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Multidisciplined

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The latest Partner Re Lecture speaker at the Bermuda National Gallery (BNG) Sanford Biggers, is nothing if not versatile.

In a recent Biggers piece called “Constellation (Strange Fruit)” shown at Harvard University, an antique quilt hung over the branch of a cherry tree carved by himself.

Stars were projected on the floor around the tree to represent the stars that Harriett Tubman followed when she escaped along the Underground Railroad. A real choir burst into song.

Mr Biggers is an interdisciplinary artist who works in film, installation, sculpture, music, and performance, among other things.

His work generally explores American history and the African American experience.

He first came to notoriety in 2001 when a collaborative work was included in the exhibition Freestyle at the Studio Museum in Harlem.

Since then, his works have appeared at the Tate Modern in London, the Renaissance Society in Chicago, and the Whitney Biennial in New York, among others.

In 2009 he received the William H Johnson Prize and was one of the three finalists for the inaugural Jack Wolgin International Competition in the Fine Arts, the largest juried prize in the world to go to an individual visual artist.

“Some people would like to pigeon hole me because I do so many different things,” he told The Royal Gazette. “It is all just a matter of creation and artistic expression. I have always been that way.

“I started out more on the musical side, then gradually moved more to the fine arts side. I have always kept my musical interest and interest in performance.

“When I was still in school I did have people saying I had to make a decision and I couldn't do multiple things.

“They said I had to do one specific thing. That never made sense to me. It is interesting that now most artists I know are working in many disciplines.”

A few years ago he began painting on antique quilts, some of them donated by a fan of his work who was a descendant of slave owner and seventh American president, Andrew Jackson.

“She was visiting my studio and saw I was working with quilts and she used to collect quilts,” he said. “She was looking for a place to put them. She gave me several.

“I paint on them. There was definitely a moment that I had to figure out what I was doing.”

He is fascinated by quilts because they have such an important place in American history.

In the 1700s quilts were a part of a woman's dowry. As houses weren't well heated, they were a necessity in the winter.

It is also thought by some historians that they were used to signal messages to people fleeing slavery on the “Underground Railroad” before the US Civil War.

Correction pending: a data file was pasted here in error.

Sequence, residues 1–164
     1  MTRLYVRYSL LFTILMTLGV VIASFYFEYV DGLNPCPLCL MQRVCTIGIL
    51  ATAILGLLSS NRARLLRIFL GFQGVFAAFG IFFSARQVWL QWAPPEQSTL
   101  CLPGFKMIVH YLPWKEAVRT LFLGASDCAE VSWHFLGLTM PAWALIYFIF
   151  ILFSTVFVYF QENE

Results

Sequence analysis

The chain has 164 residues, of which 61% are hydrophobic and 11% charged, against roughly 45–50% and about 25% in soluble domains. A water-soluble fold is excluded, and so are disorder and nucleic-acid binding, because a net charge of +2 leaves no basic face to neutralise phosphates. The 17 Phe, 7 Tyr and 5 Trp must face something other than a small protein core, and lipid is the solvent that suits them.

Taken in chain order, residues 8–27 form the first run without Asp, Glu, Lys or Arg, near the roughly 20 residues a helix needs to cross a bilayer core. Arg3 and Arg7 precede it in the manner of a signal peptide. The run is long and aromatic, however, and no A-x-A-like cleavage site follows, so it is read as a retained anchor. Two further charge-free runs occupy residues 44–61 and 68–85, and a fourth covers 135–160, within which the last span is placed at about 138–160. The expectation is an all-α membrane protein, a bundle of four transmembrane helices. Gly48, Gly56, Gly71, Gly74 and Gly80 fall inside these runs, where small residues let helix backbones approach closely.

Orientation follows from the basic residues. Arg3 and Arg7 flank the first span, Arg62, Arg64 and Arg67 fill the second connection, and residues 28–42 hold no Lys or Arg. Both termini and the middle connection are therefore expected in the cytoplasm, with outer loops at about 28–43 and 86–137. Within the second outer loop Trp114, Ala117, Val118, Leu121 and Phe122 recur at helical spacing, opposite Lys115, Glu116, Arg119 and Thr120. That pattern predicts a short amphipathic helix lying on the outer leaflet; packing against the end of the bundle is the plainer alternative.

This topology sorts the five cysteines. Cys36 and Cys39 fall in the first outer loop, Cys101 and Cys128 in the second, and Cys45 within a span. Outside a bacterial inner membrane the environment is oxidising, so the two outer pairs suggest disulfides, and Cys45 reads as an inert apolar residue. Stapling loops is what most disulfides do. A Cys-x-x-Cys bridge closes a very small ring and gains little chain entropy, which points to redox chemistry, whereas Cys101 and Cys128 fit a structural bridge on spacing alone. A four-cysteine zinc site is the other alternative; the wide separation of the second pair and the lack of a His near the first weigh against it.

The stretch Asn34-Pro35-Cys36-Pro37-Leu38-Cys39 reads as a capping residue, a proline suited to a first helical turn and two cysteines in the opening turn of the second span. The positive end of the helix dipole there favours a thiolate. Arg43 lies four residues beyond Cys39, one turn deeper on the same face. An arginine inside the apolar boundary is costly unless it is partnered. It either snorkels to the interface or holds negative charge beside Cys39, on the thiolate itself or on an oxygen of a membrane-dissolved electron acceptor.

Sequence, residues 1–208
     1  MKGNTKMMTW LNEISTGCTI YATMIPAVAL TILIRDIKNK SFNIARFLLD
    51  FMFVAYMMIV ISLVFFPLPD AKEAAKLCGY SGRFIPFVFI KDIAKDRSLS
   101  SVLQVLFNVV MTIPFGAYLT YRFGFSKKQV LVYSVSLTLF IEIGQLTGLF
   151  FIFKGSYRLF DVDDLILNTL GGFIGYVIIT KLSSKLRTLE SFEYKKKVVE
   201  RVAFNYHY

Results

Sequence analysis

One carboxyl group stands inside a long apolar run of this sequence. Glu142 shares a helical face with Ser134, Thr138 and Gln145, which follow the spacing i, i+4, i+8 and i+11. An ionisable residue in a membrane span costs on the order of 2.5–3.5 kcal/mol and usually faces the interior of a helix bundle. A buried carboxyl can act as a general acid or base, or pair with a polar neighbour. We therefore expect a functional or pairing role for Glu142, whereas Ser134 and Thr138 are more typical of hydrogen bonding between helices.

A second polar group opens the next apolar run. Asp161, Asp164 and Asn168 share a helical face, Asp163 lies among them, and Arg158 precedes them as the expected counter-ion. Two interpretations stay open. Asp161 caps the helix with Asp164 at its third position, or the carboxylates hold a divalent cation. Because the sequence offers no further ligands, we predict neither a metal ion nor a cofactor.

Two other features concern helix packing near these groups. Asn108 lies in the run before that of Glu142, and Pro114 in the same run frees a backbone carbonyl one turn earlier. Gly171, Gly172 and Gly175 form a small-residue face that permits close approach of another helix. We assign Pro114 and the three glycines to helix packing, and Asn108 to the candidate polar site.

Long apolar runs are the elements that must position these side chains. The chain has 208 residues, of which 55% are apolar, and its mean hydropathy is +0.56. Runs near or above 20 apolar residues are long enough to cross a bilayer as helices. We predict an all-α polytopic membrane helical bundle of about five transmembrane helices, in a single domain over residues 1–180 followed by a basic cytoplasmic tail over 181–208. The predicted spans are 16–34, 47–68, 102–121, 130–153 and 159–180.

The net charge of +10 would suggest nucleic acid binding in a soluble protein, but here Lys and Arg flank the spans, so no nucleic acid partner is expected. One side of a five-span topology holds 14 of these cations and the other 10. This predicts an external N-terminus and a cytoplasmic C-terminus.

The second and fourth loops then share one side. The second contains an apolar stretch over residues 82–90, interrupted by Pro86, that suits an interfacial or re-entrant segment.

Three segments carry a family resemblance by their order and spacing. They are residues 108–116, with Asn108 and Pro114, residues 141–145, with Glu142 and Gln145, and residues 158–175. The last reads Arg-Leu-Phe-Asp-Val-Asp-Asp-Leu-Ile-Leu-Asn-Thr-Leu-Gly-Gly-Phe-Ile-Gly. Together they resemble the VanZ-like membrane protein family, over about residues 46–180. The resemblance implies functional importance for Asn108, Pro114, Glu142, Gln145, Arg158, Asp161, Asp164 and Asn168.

For example, a quilt with the colour black in it might have been hung outside to indicate a safe house.

“The idea that they were used that way is now up for debate,” said Mr Biggers. “I personally never really thought of quilts as anything other than art work. Whether I am debasing them or embellishing them is up to you.”

He has lectured and shown his work all over the world. He has found that people outside of the United States sometimes interpret things differently.

“There is sometimes a lot of coded language in my work,” he said. “When pieces are seen in Europe, it has one reading and when it is read in Kentucky it has a different reading.

“One piece can have several different layers: things very specific to America, things specific to African America and things more specific to the global diaspora and spirituality.”

One of the works he is most proud of is “The Something Suite” performed at Performa 2007 in New York City.

Performa is a biennial with an array of new performance by visual artists from around the world.

“I was able to collaborate with several musicians, poets and composers and bring them into a performance art piece,” he said. “They all did a great job.”

He said he believed there was a hunger in the African American community for art that explored the African American experience and history, but most people weren't really conscious yet of their hunger.

He is currently Assistant Professor at Columbia University's Visual Arts programme. This will be Mr Biggers' second visit to Bermuda.

His lecture will be held at the BNG on September 13 from 5.30pm to 7pm. Tickets are $10 for members and $20 for non-members. For more information call 295-9428, e-mail director@bng.bm or see www.bng.bm.

www.sanfordbiggers.com

Rockstar quilt by Sanford Biggers.
Quilt #9 (Cheshire) by Sanford Biggers
Photo by Joshua White Sanford Biggers, The Bridge is Over (biddybyebye), 2006, plastic and metal, 24 x 41 inches. From Sanford Biggers' Freedom: and Other Seldom Travelled Roads exhibition at Mary Goldman Gallery.

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Published September 06, 2013 at 10:43 am (Updated September 06, 2013 at 10:43 am)

Multidisciplined

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